If you’ve waited for a while to upgrade your gaming laptop, then congratulations – you’ve made a savvy decision. Nvidia has lifted the lid on its GTX 10-Series notebook GPUs, which promise to make your next system faster, longer-lasting and slicker than what has gone before. Oh, and more expensive.
If you’re anything like us, you might be inclined to wait a little longer before parting with a significant portion of your hard-earned. We’ve clapped eyes on the new fleet of Pascal-powered pixel pushers, and all 10 ran their gaming demos smooth as butter at Nvidia’s demo conference. But what if you have your heart set on an existing model getting a Pascal boost?
We’ve picked out six existing laptops that we would love to see receiving an upgrade to Nvidia’s latest graphics architecture. Click (or tap) on ahead to see if you’d fancy them too.
1. Dell XPS 15
- Size: 15-inch
- Review score: 4
Gaming on Dell’s compact 15-incher was a bit like driving a Ferrari with a Morris Minor engine in it. The XPS 15 has one of, if not the best, laptop displays we’ve ever seen. It’s a shame then, that the GTX 960M inside could rarely handle games at resolutions higher than 1080p – let alone the machine’s native 4K resolution; even then, titles such as The Witcher 3 and Fallout 4 would frequently buckle under the strain of only having 2GB of video memory onboard. If Dell slipped a GTX 1060 into the XPS 15, we can’t think of a more alluring 15-inch gaming notebook. Well, apart from one with a 1070 or 1080 in it anyway – but thermal constraints mean that might be too much of an ask.
2. Razer Blade
Hang on a minute… this already exists. And holy moly, is it cute as an RGB-backlit button. In terms of dimensions, the new Pascal-powered Razer Blade is the same as what’s gone before. However, that makes it look positively anorexic compared to other GTX 10-Series debutantes. Razer has outfitted it with a GTX 1060 – an unsurprising choice considering its svelte chassis. The Blade has a 3K display, so you should be able to max-out just about any game running on the GPU. It’s all about the ‘three Ps’ with this one: portability, performance, and, of course, price. You’d better start saving, pronto.
3. Aorus X3 Plus v5
We’ve always been fan of the smaller gaming laptops in Aorus’ arsenal. Yes, their fans tend to get a bit overexcited now and then, but we’ve always considered that whirring hum a fair trade-off when you consider just how compact models like the X3 Plus v5 are – those side bezels are almost slim enough to give the XPS 13’s InfinityEdge display a run for its money. So Aorus, if you’re listening, ditch the glass trackpad that feels like traversing an ice rink with melons strapped to both feet, swap the 970M for a GTX 1070 and tame those fans. We might just be tempted to buy one over the new Razer Blade.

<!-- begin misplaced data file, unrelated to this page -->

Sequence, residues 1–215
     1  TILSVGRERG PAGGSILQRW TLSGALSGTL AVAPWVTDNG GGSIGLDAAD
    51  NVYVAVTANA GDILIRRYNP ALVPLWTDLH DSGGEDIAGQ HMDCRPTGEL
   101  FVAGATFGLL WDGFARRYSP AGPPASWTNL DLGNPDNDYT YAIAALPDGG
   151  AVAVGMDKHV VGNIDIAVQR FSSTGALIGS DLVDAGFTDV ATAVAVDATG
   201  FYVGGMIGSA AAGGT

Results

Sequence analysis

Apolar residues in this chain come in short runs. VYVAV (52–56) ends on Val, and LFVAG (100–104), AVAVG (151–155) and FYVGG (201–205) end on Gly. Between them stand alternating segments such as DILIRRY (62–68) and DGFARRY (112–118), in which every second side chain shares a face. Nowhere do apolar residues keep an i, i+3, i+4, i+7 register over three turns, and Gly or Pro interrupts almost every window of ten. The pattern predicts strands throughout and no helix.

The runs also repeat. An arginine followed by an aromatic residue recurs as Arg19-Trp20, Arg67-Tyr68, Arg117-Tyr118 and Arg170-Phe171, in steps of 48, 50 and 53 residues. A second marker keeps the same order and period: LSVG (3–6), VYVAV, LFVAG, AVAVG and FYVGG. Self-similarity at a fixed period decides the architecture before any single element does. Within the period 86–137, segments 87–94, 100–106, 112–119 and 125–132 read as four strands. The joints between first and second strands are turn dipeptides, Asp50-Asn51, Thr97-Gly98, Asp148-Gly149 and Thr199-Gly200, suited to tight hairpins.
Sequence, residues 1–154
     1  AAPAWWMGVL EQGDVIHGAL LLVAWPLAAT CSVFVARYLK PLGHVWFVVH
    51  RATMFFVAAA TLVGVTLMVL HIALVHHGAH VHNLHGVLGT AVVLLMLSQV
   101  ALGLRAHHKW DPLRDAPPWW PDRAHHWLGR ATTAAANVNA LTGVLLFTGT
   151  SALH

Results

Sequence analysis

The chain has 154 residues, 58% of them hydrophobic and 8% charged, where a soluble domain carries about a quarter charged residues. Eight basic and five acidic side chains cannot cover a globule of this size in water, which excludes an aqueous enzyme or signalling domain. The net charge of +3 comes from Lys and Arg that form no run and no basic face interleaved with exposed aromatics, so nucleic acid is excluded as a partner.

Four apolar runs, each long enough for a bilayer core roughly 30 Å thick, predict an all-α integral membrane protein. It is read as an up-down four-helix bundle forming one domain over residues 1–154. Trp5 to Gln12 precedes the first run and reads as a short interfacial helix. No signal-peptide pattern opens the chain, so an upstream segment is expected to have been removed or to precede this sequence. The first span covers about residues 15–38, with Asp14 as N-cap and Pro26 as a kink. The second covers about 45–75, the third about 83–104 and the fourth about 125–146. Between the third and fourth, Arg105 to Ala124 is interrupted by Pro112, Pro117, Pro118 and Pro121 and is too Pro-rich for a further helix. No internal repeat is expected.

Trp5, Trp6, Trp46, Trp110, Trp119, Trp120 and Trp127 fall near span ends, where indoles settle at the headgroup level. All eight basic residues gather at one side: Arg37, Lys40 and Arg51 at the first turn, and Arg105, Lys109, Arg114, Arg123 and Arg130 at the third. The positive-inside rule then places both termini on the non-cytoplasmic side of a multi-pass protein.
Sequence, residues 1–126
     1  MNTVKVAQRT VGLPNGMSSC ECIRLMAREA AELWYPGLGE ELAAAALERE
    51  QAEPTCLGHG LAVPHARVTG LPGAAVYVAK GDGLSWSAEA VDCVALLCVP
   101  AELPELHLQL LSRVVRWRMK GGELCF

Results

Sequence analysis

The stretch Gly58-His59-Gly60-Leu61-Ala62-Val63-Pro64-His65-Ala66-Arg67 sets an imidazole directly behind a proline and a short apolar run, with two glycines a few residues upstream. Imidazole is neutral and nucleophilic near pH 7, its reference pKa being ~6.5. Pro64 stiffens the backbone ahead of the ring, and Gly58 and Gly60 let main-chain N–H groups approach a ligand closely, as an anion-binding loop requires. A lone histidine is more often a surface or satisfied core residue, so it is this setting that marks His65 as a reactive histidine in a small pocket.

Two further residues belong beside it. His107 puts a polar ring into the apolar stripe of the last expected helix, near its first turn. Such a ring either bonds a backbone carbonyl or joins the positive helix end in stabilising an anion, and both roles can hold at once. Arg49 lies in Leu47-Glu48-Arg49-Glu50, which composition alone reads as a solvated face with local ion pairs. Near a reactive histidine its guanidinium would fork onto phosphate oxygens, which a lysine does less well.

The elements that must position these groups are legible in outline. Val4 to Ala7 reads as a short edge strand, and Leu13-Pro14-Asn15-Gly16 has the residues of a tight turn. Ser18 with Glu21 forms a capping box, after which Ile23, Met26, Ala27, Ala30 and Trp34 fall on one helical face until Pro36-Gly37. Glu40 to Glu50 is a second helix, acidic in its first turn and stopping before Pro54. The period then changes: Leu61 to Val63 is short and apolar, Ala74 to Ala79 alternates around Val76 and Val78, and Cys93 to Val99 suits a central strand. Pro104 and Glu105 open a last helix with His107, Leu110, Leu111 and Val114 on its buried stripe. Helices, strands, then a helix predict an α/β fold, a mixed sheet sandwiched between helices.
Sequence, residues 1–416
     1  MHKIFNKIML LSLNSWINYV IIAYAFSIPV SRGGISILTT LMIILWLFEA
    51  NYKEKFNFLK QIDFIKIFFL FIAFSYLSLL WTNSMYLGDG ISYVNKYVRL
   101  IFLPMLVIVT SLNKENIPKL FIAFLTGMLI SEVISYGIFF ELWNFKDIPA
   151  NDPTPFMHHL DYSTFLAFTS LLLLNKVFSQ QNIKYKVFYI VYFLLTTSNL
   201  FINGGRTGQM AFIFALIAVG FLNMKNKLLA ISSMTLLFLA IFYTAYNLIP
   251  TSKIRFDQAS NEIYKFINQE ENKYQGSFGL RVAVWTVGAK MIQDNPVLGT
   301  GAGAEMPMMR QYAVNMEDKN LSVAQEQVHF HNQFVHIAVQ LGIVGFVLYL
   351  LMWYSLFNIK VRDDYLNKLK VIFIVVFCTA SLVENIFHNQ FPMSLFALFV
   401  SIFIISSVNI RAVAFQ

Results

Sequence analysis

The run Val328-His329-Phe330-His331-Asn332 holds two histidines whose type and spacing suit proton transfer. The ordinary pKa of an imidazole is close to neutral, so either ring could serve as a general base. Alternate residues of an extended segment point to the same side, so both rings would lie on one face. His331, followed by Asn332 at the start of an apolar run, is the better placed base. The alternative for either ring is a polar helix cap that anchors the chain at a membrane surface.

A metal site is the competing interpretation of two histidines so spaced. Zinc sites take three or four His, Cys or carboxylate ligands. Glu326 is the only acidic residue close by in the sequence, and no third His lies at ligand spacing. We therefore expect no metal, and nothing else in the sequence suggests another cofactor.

4. Microsoft Surface Book
- Size: 13-inch
- Review score: 4.5
So, let’s talk about that gaming Surface Book. Ever since Microsoft’s convertible landed on our desk last year, we’ve fantasized over the possibility of swappable keyboard bases housing gaming GPUs. A little ambitious, perhaps, but Pascal’s arrival would make now as good time as any to resurrect the idea. We like the sound of using the standard keyboard dock with no dedicated GPU while on the road to eke out maximum battery life, alongside a GTX 1060-powered alternative base that could be whipped out for an impromptu gaming session.
5. Alienware 13
- Size: 13-inch
- Review score: 3
Alienware surprised most of us when it slapped a gorgeous OLED display on a limited-edition version of its Alienware 13 gaming laptop. Unfortunately, the system only came with a GTX 960M inside, and its battery life was weak sauce. Pascal could immediately rectify those two areas to give birth to a slick-looking and longer-lasting gaming laptop, one that could hook up to Alienware’s Amplifier (an external GPU enclosure) for even more juice. Because you might have a spare GTX 1070 lying around, or something.
6. Apple MacBook Pro with Retina
Do not adjust your browser – you read the above correctly. Considering the power consumption and energy efficiency improvements Nvidia claims to have made with Pascal, especially compared to its previous-gen Maxwell architecture, we’re salivating over the prospect of Apple swinging back to the green team for its laptops’ graphics. It’s highly unlikely to happen, mind – Apple hasn’t used an Nvidia graphics part in its MacBooks since the mid-2014 15-inch MacBook Pro with Retina, which came with a GeForce GT750M. Still, we can dream. Come on, Tim!